Microsoft.Composition (Portable MEF): Scoping

2016/03/06

one comment

 

Microsoft.Composition (Portable MEF): Scoping

This post is part of mini series, which complete the full MEF series.

This post will go over Microsoft.Composition Scoping.

 

What is IoC scoping?

IoC scoping is the ability to control the lifetime of registration

per specific execution scope. whatever resolved in the scope can resolve

it’s item that register under the scope or at its parent container.

 

Classic example for such scope is request.

You may want to resolve the same instance again and again within

the request scope while keeping it completely isolated from other requests.

When supporting this kind of scope you can use the IoC safely without

potential side effects.

 

How to register scope with Portable MEF?

The topology for this sample will be a process which will resolve

request object (under a scope).

Each Request will resolve :

Global object (which register as singleton)

Items (which register under a scoped lifetime).

The Global object will have the same Id all over the execution (singleton)

while the Item will be the same under the request boundary, but different between requests.

 

The output of the sample I’m going to present will look like

the following snapshot (while the Id represent the instantiation):

let see some code.

Code Snippet
  1. var conventions = new ConventionBuilder();
  2. conventions.ForTypesDerivedFrom<IProcess>()
  3.     .Export<IProcess>()
  4.     .Shared();
  5. conventions.ForTypesDerivedFrom<IGlobal>()
  6.     .Export<IGlobal>()
  7.     .Shared();
  8. conventions.ForTypesDerivedFrom<IRequest>()
  9.     .Export<IRequest>()
  10.     .Shared("Request");
  11. conventions.ForTypesDerivedFrom<IItemPerRequest>()
  12.     .Export<IItemPerRequest>()
  13.     .Shared("Request");
  14.  
  15. var configuration = new ContainerConfiguration()
  16.         .WithAssembly(typeof(Program).Assembly, conventions);
  17.  
  18. using (var container = configuration.CreateContainer())
  19. {
  20.     var process = container.GetExport<IProcess>();
  21.     process.Execute();
  22. }

We register 4 different types, IProcess and IGlobal as shared (singleton).

IRequest and IItemPerRequest as Shared which get a scope name “Request” (lines 10, 13).

On lines (19-23) we resolve the process and calling Execute:

 

the following snippet is the Process class:

Code Snippet
  1. public class Process: IProcess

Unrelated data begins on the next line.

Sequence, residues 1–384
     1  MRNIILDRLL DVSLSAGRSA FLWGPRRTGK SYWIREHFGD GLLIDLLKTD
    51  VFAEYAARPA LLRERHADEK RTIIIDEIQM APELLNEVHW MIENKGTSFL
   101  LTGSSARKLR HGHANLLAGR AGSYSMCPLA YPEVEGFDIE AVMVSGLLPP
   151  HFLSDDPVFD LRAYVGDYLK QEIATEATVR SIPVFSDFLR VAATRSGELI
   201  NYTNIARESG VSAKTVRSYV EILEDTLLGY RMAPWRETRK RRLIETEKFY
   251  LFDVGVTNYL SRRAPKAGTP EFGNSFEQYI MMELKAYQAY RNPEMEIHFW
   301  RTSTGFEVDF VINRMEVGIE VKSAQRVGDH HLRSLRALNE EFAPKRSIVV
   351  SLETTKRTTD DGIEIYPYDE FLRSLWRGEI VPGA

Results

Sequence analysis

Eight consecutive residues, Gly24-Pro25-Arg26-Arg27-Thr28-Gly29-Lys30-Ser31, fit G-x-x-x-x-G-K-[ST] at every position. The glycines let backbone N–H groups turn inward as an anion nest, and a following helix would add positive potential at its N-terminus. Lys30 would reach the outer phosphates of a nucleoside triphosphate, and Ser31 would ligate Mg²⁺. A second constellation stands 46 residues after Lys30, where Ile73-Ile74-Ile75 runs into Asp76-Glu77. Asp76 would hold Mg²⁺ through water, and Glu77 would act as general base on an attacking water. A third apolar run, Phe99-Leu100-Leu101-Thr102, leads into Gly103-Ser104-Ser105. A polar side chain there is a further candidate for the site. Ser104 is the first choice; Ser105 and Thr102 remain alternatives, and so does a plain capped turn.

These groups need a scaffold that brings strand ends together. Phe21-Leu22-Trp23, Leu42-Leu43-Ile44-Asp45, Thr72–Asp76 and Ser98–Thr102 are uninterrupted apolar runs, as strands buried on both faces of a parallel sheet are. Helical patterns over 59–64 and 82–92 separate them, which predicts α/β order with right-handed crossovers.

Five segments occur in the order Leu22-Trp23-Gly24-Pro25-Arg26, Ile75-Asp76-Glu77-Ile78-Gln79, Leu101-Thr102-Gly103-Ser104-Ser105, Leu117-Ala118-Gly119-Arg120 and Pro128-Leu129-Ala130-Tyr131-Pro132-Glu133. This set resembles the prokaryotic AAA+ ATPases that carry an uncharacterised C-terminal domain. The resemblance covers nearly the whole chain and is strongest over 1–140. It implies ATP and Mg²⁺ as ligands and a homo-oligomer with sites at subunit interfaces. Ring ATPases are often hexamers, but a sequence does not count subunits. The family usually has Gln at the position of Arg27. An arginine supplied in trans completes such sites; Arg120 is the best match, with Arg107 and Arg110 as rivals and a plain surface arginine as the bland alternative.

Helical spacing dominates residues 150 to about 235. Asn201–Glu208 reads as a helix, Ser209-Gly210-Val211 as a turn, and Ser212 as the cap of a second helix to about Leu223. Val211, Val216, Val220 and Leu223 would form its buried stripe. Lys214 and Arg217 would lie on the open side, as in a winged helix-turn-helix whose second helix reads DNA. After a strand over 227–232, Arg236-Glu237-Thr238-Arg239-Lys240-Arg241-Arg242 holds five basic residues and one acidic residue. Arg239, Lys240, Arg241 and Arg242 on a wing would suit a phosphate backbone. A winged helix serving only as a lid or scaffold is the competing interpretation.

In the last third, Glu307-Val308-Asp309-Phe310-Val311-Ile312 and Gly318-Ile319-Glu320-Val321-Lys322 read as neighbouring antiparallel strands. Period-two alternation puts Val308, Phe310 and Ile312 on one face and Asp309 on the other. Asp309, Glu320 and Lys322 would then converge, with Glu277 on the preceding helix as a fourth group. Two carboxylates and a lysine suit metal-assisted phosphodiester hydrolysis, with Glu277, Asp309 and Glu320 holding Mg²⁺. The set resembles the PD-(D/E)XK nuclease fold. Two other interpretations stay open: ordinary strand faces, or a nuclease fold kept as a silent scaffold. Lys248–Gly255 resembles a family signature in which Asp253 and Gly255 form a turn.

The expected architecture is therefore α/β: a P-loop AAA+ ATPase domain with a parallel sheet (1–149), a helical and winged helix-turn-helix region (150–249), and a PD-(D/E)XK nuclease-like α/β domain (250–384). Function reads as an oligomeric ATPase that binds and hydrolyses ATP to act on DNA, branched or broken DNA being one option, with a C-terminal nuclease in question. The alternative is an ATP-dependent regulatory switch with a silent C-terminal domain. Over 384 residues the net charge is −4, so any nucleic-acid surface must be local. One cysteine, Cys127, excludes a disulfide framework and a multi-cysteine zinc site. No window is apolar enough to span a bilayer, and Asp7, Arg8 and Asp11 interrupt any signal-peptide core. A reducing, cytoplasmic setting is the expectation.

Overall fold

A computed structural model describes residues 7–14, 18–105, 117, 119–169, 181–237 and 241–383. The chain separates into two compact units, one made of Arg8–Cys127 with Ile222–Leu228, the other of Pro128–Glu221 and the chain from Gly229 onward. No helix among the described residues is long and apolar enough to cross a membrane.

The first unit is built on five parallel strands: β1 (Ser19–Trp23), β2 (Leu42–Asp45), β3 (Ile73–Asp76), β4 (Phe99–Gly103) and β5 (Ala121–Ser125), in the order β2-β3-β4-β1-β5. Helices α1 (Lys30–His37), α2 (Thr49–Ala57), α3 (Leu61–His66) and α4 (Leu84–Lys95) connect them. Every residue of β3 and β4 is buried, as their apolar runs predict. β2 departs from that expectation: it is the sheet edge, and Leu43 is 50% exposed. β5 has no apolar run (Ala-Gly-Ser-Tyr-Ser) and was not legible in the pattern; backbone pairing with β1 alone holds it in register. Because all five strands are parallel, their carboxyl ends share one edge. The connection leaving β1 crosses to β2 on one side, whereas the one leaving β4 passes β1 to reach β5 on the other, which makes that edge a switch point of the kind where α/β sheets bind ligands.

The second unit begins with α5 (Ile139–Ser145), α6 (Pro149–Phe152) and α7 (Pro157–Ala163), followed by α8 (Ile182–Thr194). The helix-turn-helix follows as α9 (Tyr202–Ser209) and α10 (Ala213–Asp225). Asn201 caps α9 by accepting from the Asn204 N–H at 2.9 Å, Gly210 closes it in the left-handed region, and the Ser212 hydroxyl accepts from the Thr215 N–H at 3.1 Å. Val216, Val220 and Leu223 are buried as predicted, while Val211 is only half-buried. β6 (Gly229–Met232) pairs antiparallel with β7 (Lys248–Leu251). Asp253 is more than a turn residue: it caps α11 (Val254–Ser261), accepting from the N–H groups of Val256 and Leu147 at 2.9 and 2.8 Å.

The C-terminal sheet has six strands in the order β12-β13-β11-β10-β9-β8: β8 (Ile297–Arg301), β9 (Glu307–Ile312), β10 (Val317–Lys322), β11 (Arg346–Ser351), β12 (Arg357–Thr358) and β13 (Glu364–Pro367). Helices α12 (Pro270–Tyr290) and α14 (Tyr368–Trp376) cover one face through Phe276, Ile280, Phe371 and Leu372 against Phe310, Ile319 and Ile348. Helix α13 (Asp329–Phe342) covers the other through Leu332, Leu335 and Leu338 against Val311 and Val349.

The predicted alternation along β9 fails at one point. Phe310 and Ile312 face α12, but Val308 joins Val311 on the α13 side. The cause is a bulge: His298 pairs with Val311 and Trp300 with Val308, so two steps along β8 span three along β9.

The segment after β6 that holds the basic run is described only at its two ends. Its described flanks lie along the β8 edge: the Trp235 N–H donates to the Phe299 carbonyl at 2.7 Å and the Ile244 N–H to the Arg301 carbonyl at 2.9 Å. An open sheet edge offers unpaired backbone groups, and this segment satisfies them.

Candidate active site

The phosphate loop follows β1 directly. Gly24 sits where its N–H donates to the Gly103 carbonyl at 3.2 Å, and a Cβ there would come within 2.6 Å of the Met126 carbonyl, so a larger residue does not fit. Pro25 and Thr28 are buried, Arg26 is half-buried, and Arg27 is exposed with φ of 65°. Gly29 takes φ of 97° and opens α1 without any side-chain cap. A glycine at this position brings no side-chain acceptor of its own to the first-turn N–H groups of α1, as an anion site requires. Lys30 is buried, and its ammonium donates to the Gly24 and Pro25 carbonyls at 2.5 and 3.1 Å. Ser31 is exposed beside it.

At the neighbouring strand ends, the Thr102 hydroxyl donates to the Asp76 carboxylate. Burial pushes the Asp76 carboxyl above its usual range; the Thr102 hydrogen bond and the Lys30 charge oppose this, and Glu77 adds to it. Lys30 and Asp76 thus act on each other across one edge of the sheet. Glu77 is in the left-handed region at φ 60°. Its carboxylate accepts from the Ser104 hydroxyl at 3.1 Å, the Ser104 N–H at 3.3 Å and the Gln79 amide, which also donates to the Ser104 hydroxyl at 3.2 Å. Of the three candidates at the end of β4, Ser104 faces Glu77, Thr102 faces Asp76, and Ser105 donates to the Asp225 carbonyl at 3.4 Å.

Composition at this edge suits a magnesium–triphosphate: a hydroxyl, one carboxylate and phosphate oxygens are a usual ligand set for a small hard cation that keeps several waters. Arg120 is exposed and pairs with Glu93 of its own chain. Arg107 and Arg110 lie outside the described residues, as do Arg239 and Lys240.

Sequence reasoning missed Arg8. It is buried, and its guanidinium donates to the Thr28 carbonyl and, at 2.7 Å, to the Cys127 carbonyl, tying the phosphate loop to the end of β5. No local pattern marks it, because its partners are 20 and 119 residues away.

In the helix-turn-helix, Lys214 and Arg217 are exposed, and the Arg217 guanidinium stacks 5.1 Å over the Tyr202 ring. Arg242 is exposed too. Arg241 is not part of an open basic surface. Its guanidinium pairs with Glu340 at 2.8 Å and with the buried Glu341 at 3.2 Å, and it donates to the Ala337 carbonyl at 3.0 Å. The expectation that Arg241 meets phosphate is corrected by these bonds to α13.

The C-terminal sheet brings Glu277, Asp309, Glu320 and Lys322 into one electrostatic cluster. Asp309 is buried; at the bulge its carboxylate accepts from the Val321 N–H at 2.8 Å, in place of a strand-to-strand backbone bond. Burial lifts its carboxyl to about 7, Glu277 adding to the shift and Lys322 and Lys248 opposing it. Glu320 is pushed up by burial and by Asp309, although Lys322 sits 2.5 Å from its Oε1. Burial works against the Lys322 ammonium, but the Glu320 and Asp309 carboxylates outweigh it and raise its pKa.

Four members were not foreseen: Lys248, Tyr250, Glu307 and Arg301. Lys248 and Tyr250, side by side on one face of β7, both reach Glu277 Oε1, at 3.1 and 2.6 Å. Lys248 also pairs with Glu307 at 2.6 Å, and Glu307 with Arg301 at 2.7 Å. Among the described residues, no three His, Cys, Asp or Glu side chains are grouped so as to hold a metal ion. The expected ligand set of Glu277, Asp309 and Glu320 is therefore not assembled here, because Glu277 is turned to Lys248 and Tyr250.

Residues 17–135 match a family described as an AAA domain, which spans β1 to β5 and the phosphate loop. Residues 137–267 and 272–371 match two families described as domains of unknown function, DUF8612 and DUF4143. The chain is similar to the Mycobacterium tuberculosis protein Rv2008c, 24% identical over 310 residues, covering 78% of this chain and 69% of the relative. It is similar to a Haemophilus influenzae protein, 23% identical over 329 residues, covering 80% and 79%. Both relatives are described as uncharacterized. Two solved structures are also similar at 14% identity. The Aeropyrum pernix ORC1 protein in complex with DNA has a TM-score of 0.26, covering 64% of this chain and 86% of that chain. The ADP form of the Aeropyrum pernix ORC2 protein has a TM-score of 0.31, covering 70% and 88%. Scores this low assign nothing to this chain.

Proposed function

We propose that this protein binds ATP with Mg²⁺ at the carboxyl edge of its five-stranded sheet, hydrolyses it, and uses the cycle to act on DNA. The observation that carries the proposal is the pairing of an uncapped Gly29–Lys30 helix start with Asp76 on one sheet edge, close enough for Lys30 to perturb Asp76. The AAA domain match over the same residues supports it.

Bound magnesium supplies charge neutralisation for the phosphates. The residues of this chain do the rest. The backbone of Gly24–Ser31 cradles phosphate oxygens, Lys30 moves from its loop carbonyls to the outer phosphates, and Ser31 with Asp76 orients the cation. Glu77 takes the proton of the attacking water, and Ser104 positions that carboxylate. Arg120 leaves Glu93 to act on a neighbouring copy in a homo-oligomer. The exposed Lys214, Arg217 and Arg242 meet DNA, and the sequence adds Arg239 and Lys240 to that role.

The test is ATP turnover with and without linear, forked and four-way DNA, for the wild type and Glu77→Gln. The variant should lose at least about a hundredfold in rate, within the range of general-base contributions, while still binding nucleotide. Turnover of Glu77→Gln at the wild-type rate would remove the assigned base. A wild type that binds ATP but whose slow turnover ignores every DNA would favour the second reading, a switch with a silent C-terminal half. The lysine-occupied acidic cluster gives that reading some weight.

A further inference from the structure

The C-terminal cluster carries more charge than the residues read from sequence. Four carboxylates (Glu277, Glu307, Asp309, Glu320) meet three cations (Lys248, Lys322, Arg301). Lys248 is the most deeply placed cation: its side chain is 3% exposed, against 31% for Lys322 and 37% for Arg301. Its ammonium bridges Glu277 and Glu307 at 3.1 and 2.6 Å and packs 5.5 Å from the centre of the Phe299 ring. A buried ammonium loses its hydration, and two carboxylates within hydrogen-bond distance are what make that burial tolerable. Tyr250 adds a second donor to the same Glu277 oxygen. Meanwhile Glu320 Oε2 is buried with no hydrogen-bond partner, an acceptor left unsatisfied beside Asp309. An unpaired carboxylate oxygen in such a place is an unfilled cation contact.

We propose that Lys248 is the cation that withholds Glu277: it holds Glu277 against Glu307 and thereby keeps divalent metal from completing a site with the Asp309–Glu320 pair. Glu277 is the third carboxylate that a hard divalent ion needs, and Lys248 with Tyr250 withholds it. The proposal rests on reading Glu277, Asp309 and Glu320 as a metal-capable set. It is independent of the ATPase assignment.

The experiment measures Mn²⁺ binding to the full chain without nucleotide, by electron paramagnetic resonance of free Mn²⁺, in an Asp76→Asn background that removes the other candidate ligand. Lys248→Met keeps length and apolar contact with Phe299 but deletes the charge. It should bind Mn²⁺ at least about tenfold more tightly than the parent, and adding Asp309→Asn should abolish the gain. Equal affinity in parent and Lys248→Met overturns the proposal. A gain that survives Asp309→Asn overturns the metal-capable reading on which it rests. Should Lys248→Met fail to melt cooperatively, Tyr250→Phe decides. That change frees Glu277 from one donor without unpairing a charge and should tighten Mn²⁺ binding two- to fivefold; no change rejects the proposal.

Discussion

2. {
  3.     [Import]
  4.     public IGlobal Global { get; set; }
  5.  
  6.     [Import]
  7.     [SharingBoundary("Request")]
  8.     public ExportFactory<IRequest> Request { get; set; }
  9.  
  10.     public void Execute()
  11.     {
  12.         Console.WriteLine($"Global = {Global.Id}");
  13.  
  14.         using (Export<IRequest> scopedRequest =
  15.                                 Request.CreateExport())
  16.         {
  17.             IRequest request = scopedRequest.Value;
  18.             request.Send();
  19.         }
  20.  
  21.         using (Export<IRequest> scopedRequest =
  22.                                 Request.CreateExport())
  23.         {
  24.             IRequest request = scopedRequest.Value;
  25.             request.Send();
  26.         }
  27.     }
  28. }

The scope (Request) must be declare as ExportFactory<T> (line 8) and it’s should be decorated

with the [SharingBoundary] attribute that match the registered scope (line 7).

This snippet is using 2 scoped request (lines 14-19 and 21-26).

Each request will resolve different instance (if the type registered for the scope).

 

The next snippet show the Request class.

Code Snippet
  1. public class Request : IRequest
  2. {
  3.     private static int _statId = 0;
  4.     public int Id { get; } = ++_statId;
  5.  
  6.     public void Send()
  7.     {
  8.         Console.WriteLine($"\tRequest Id = {Id}");
  9.         Console.WriteLine($"\t\tGlobal = {Global.Id}");
  10.         Console.WriteLine($"\t\tItem A: {ItemPerRequestA}");
  11.         Console.WriteLine($"\t\tItem B: {ItemPerRequestB}");
  12.     }
  13.  
  14.     [Import]
  15.     public IGlobal Global { get; set; }
  16.  
  17.     [Import]
  18.     public IItemPerRequest ItemPerRequestA { get; set; }
  19.     [Import]
  20.     public IItemPerRequest ItemPerRequestB { get; set; }
  21. }

Both properties, ItemPeeRequestA and ItemPeeRequestB will get the same instance lines 17-20).

 

finally the code for the ItemPerRequest is:

Code Snippet
  1. public class ItemPerRequest : IItemPerRequest
  2. {
  3.     private static int _statId = 100;
  4.     public int Id { get; } = _statId++;
  5.  
  6.     [Import]
  7.     public IRequest Request { get; set; }
  8.  
  9.     public override string ToString() =>
  10.         $"Id = {Id} — of request –> {Request.Id}";
  11. }

Because it’s sharing the same scope with the request object, it can resolve the request instance.

 

summary

this sample is fierily simplified but it suggesting the power of IoC scoping.

Other IoC also support scoping and I will write about it on future post.

 

The rest of the code:

Code Snippet
  1. public interface IProcess
  2. {
  3.     void Execute();
  4. }
  5. public interface IRequest
  6. {
  7.     int Id { get; }
  8.     void Send();
  9. }
  10. public interface IGlobal
  11. {
  12.     int Id { get; }
  13. }
  14. public interface IItemPerRequest
  15. {
  16.     int Id { get; }
  17. }

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one comment

  1. dor cohen2016/11/20 ב 12:45

    You have brought up a very great details , thanks for the post.

    Reply